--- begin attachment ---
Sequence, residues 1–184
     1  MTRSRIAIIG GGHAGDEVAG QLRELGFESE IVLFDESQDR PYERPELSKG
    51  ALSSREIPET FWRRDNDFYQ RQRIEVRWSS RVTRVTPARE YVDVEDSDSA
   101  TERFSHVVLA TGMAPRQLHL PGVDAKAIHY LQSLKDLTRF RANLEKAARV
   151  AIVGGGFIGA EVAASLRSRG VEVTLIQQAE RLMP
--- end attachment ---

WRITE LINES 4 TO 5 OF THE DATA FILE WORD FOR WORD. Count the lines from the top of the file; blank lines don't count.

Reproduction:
   101  TERFSHVVLA TGMAPRQLHL PGVDAKAIHY LQSLKDLTRF RANLEKAARV
   151  AIVGGGFIGA EVAASLRSRG VEVTLIQQAE RLMP